The following excerpt is from the Superindentent’s Report to the School Committee, which was printed in the School Committee Report for 1906 and reprinted in Beverly City Documents for 1906. It was written by a group of concerned Beverly citizens.
There are still those that look upon music and literature as mere frivolities. But does not the poet and the musician in revealing the human heart record the realities of life more truly than even the historian who often records merely the appearances of life? In this age as perhaps never before, the burden of training aright the emotional and moral sentiments of the child has devolved upon the public schools. In music and literature we have our two most powerful means to this end.
Drawing, including the study of color and design, has been decried sometimes in the past as a fad but its cultural as well as its money value to every carpenter, machinist, or other artisan, and to every milliner, modiste, shop girl or housewife is so self-evident that today its value has been almost universally admitted, and state laws now require the teaching of both free-hand and mechanical drawing in all public day and evening schools.
Nature study was at first called a fad, but it is now generally recognized that rightly taught it awakens in the child a life-long interest in the observation of his natural surroundings, affords a healthful and morally safe occupation for leisure hours, and lays a foundation in experience for the understanding of the various natural sciences that underlie the processes involved in nearly all of the great American industries.
Hygiene, medical inspection and physics culture have been looked upon as unwarranted innovations by some who saw in them only a useless expenditure of time and money. But if we consider how completely productive industry depends upon health and physical vigor if we estimate the vast expense and loss of production through sickness and deaths due to needless spread of contagious diseases and the expense and loss through other prevent-able defects, illness and deaths, the value and pressing need of such work in the schools becomes very apparent.
Commercial penmanship is not a new subject, though comparatively new to Beverly. Its purpose is to teach a method of penmanship that is equally legible and much more rapid than the ordinary style. It saves the pupil’s time in all his written school work and in all his writing in business or social functions, and adds materially to his wage-earning capacity in any position where writing is required.
The various forms of manual training are the latest subjects to be branded as fads. Yet nothing taught in the schools has a more direct and practical relation to every day life. A Beverly professional man of wide experience remarked recently that sewing was one of the most useful things taught in the schools. He might have added that it is one of the least expensive. The entire cost of sewing last year was five hundred dollars for the teacher’s salary and fifteen dollars and thirty-two cents for all supplies. This was a trifle over two cents a lesson for each pupil. While it is quite possible for girls to be taught to sew at home, as a matter of fact this is rarely done. Few mothers have, themselves, been systematically taught to sew and consequently few are capable of teaching their girls to sew properly. The busy mothers of today have little leisure and continuality put off teaching their daughters to a more convenient day with the result that the girls are not taught at all, and, indeed, finally “pick-up” sewing as most of their mothers did in a haphazard fashion to their life-long inconvenience and expense.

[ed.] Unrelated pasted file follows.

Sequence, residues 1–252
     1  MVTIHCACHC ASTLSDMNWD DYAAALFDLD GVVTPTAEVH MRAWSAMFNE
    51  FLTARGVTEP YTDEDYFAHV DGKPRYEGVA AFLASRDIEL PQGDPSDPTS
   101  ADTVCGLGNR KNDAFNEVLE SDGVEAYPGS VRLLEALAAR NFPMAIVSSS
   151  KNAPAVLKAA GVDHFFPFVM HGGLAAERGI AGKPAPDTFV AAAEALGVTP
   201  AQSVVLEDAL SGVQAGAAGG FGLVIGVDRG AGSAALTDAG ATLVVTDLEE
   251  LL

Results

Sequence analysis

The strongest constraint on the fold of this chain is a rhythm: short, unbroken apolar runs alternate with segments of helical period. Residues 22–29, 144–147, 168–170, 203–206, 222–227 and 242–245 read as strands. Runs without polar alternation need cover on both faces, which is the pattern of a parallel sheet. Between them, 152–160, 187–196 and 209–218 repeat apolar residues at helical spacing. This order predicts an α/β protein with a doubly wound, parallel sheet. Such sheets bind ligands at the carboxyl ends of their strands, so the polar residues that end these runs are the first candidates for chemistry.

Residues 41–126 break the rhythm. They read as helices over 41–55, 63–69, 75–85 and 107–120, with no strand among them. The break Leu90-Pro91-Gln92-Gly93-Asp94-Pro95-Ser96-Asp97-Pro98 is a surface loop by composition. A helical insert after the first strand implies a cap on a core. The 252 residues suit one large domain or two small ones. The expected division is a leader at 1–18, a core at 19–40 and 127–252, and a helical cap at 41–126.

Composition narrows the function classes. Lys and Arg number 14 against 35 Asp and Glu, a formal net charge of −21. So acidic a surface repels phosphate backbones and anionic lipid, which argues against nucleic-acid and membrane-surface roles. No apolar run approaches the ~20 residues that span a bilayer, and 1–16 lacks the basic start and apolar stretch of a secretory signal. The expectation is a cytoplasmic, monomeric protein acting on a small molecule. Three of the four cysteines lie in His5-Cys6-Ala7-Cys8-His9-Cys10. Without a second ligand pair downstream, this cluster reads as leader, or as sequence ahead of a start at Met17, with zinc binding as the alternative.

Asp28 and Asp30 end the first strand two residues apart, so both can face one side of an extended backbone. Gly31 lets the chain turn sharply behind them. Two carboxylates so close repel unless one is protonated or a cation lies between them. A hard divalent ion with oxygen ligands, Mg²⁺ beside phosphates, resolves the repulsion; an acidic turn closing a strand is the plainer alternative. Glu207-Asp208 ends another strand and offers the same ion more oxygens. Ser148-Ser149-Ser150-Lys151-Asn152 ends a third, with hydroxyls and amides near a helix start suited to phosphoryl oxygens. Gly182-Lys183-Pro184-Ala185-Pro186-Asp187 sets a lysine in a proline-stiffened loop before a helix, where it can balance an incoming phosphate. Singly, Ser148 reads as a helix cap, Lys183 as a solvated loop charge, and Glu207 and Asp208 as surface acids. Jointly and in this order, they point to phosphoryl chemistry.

It is also true that children do not as a rule learn as well from parents as they do from professional teachers. The acquirement of sewing by girls is of great economic value both for the “penny saved ” and for the ” penny earned.” Every girl should be able at least to make simple garments that do not require skilled trade work, to darn and patch neatly, and to use patterns skillfully. Making over and repairing often save the cost of new materials. Dr. H. M. Wiley of the United States Department of Agriculture says: – “The art of cooking does more for the happiness of the human race than all the other arts put together.” Owen Meredith says facetiously but truly in Lucile:
“We may live without poetry, music and art-
We may live without conscience and live without, heart.-
We may live without friends, we may live without books, but civilized man cannot live without cooks.”